Successful Images of Quantum Dots Using Optical Nanoscope

Physicists have devised a new, optical microscopy-based method that can be used for creating images of nanoscale atoms. The novel technique makes it possible to image quantum dots in a semiconductor chip. Along with coworkers from the University of Bochum, researchers from the Swiss Nanoscience Institute and the University of Basel’s Department of Physics reported their findings in the journal, Nature Photonics.

An image of quantum dots in a semiconductor (right), versus the image taken with a normal microscope (left). The new method clearly shows four quantum dots (bright yellow spots). (Image credit: University of Basel, Department of Physics)

Microscopes enable humans to visualize structures that otherwise cannot be seen by the naked eye. However, individual atoms and molecules, which measure only a few nanometers across, cannot be imaged with traditional optical microscopes. This is attributed to the wave nature of light and the related laws of physics, which were developed by the German physicist Ernst Abbe in 1873.

According to these laws of physics, the maximum resolution of a microscope is equivalent to half the wavelength of the light utilized. For instance, if green light with a wavelength of 500 nanometers is used, an optical microscope would be best able to differentiate objects at a distance of 250 nanometers.

Switched On and Off

However, in the past few years, researchers have effectively managed to get around this resolution limit and create images of structures that measure just fractions of a nanometer across. In order to achieve this, they utilized lasers of different wavelengths to activate fluorescence in molecules in part of the substance and at the same time suppressed it in the surrounding areas. This technique enables them to image structures, for example dye molecules, which measure only a few nanometers in size. The development of this innovative technique (Stimulated Emission Depletion, STED) received the Nobel Prize in Chemistry earlier in 2014.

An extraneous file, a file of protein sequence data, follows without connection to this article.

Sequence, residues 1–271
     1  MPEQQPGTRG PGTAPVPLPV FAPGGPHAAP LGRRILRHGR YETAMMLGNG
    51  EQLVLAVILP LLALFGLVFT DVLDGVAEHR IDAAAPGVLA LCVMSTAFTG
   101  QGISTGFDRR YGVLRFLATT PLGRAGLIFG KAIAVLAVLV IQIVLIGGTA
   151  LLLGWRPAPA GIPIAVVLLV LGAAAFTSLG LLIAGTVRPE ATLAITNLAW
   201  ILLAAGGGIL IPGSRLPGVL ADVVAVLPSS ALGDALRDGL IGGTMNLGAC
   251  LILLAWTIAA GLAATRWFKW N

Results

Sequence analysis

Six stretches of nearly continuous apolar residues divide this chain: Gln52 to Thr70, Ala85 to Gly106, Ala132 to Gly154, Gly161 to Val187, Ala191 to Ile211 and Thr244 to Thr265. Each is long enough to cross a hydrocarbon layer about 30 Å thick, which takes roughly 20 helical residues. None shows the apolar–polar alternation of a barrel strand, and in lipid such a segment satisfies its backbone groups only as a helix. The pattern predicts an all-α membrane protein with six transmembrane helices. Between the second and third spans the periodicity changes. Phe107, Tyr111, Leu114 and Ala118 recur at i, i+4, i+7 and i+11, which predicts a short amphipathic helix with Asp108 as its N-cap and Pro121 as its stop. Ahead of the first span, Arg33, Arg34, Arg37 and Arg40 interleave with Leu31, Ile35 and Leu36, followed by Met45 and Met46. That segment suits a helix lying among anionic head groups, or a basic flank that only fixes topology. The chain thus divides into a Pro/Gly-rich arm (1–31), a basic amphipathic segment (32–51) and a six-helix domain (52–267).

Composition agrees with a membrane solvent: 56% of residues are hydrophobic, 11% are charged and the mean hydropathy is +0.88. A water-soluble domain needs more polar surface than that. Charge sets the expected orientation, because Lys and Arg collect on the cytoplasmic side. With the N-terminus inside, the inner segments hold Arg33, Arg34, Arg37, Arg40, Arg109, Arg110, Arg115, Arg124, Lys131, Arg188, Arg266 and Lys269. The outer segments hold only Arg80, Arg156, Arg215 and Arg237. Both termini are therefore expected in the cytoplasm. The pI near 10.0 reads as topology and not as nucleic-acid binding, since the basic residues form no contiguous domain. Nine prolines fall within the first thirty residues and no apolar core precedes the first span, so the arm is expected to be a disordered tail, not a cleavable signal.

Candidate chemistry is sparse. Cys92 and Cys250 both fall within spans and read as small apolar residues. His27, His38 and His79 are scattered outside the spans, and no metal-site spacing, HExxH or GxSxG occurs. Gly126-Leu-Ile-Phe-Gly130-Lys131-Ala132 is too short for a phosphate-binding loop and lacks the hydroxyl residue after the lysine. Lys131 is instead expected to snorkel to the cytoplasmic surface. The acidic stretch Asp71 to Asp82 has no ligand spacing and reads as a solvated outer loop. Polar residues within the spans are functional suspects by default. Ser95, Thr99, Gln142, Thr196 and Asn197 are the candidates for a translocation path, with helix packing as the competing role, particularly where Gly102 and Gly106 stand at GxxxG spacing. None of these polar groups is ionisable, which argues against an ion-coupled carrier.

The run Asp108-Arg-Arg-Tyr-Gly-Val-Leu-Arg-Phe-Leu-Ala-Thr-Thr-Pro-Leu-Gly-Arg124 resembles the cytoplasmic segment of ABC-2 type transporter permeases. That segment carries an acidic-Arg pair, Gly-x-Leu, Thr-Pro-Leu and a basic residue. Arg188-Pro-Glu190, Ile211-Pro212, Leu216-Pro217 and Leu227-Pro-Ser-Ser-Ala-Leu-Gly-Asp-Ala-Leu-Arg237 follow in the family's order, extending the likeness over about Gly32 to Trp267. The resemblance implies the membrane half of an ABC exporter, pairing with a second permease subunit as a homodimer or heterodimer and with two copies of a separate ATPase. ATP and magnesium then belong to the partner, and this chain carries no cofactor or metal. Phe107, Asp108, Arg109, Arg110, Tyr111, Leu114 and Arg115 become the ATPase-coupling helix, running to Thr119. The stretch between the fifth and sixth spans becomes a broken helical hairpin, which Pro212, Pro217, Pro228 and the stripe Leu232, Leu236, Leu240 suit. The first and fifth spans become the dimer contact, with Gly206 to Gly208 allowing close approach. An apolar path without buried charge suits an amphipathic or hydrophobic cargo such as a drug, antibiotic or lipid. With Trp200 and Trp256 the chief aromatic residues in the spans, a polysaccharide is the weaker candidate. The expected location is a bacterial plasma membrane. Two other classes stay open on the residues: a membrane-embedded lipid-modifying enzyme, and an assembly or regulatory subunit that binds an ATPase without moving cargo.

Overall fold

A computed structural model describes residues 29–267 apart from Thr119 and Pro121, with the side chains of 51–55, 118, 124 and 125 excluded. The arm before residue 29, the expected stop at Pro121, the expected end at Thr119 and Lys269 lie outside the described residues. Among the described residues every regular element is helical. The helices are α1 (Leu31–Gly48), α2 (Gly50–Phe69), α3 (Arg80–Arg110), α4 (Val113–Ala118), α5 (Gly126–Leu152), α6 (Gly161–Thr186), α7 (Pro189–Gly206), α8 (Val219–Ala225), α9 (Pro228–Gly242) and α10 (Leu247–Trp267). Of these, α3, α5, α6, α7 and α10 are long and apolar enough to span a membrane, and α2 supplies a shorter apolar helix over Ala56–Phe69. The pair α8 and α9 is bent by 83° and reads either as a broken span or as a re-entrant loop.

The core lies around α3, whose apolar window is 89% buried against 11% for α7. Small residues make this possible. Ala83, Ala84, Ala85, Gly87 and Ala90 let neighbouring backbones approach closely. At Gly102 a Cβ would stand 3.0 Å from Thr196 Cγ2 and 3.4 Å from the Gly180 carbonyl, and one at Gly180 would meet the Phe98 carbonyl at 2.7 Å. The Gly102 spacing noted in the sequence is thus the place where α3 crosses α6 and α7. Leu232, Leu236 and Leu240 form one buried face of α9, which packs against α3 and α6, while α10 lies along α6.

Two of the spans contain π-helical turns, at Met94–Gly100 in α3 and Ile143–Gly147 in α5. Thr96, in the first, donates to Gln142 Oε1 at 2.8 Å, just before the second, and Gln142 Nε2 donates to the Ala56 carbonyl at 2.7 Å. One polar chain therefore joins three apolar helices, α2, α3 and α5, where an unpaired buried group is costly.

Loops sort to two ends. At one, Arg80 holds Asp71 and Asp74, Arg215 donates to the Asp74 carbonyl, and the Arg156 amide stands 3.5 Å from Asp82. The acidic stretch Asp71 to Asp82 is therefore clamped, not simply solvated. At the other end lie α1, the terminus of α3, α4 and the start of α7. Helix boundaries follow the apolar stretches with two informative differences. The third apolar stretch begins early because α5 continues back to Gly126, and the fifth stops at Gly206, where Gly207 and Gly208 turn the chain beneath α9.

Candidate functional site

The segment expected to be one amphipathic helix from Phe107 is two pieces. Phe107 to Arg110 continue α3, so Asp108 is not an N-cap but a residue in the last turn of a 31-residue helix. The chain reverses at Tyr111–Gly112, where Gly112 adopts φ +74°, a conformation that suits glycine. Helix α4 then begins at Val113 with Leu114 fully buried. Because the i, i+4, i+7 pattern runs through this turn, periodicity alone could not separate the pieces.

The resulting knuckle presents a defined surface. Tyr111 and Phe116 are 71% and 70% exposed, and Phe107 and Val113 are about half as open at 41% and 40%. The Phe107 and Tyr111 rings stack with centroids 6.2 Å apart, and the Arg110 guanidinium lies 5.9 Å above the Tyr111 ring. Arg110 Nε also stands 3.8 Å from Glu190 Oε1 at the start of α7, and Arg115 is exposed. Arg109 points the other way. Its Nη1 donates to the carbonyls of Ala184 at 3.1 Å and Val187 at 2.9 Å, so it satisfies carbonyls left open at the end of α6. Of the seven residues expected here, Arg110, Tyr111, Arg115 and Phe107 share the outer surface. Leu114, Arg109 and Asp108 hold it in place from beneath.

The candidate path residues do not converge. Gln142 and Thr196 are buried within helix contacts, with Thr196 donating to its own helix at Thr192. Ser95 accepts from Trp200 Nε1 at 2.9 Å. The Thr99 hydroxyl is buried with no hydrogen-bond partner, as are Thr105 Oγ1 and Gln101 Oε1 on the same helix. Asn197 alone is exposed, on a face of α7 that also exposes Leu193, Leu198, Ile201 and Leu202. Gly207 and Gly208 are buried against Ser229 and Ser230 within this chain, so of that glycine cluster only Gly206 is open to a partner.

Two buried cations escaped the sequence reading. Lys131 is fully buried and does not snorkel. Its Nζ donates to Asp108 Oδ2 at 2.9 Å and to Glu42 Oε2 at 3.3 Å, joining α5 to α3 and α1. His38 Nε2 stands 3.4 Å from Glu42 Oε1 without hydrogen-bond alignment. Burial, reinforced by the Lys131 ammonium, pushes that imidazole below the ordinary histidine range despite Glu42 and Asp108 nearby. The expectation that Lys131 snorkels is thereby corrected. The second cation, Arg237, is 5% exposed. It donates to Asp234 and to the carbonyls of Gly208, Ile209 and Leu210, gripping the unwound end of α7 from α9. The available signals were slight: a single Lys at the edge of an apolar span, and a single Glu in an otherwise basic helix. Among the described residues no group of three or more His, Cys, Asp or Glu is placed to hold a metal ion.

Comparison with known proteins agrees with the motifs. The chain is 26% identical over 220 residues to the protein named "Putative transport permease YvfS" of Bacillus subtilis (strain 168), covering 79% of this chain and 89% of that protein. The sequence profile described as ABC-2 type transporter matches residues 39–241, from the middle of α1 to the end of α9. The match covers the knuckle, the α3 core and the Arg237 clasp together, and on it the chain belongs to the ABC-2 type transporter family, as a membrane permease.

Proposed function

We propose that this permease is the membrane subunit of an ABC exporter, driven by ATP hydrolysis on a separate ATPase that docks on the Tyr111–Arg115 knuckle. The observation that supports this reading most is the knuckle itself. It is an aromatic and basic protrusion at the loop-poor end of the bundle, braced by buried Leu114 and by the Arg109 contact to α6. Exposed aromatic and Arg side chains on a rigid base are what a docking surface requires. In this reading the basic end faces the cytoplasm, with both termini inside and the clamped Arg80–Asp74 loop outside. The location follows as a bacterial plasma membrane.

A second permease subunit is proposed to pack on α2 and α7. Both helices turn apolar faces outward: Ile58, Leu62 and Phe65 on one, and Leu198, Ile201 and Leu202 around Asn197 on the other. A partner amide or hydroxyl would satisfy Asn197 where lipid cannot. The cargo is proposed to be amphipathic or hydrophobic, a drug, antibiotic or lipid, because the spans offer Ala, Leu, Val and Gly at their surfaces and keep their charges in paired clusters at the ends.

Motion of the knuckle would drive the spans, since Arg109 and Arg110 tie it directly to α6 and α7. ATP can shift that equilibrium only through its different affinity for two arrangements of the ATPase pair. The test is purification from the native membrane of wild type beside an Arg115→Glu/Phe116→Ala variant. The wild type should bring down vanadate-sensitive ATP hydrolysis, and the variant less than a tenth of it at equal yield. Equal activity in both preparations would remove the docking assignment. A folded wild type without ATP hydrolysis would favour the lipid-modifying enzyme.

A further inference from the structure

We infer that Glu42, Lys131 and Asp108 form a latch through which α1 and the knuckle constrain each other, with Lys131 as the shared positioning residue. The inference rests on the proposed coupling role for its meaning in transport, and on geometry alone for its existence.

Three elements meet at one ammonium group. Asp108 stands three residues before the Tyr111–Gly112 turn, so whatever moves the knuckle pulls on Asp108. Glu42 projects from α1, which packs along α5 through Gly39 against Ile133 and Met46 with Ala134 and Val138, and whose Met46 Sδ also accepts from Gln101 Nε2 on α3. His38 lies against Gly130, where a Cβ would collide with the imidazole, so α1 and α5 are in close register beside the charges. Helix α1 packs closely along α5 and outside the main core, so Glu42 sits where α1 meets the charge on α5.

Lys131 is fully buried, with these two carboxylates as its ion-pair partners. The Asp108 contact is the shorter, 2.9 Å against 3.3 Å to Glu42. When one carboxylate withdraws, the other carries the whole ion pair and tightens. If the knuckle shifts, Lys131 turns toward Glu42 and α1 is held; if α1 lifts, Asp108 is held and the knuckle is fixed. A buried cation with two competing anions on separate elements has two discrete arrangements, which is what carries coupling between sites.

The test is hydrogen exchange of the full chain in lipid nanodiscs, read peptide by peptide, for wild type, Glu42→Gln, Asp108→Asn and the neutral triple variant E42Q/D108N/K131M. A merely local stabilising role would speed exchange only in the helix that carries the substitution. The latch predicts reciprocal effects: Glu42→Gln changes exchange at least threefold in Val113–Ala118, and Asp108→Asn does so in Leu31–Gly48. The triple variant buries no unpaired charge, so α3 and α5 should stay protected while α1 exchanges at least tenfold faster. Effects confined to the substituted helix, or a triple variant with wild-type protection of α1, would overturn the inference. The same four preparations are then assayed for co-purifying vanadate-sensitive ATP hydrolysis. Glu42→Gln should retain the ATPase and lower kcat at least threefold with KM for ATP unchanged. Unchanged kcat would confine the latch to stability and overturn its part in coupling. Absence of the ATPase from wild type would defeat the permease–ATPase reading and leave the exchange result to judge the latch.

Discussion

For All Objects With Two Energy Levels

Timo Kaldewey, from Professor Richard Warburton’s team at the University of Basel’s Department of Physics and Swiss Nanoscience Institute, has now worked with coworkers at Ruhr-University Bochum (Germany) in order to devise a similar method that makes it possible to image objects on the nanoscale objects, especially a quantum mechanical two-level system.

The physicists examined the so-called quantum dots – artificial atoms in a semiconductor – which were successfully imaged as bright spots using the new method. The researchers then excited the atoms with a pulsed laser, which alters its color during each pulse. Consequently, the fluorescence of the atom is switched on and off.

While the STED technique only functions by occupying a minimum of four different energy levels in response to the laser excitation, Basel’s method also works with atoms that have only two energy states. These kinds of two-state system constitute significant model systems for quantum mechanics.

The new technique is different from STED microscopy and does not emit any heat. “This is a huge advantage, as any heat released can destroy the molecules you’re examining,” explains Richard Warburton. “Our nanoscope is suitable for all objects with two energy levels, such as real atoms, cold molecules, quantum dots, or color centers.”

Among other sources, the National Center of Competence in Research “Quantum Science and Technology” (NCCR QSIT), the Swiss National Science Foundation, and the European Union under the FP7 program funded the project.

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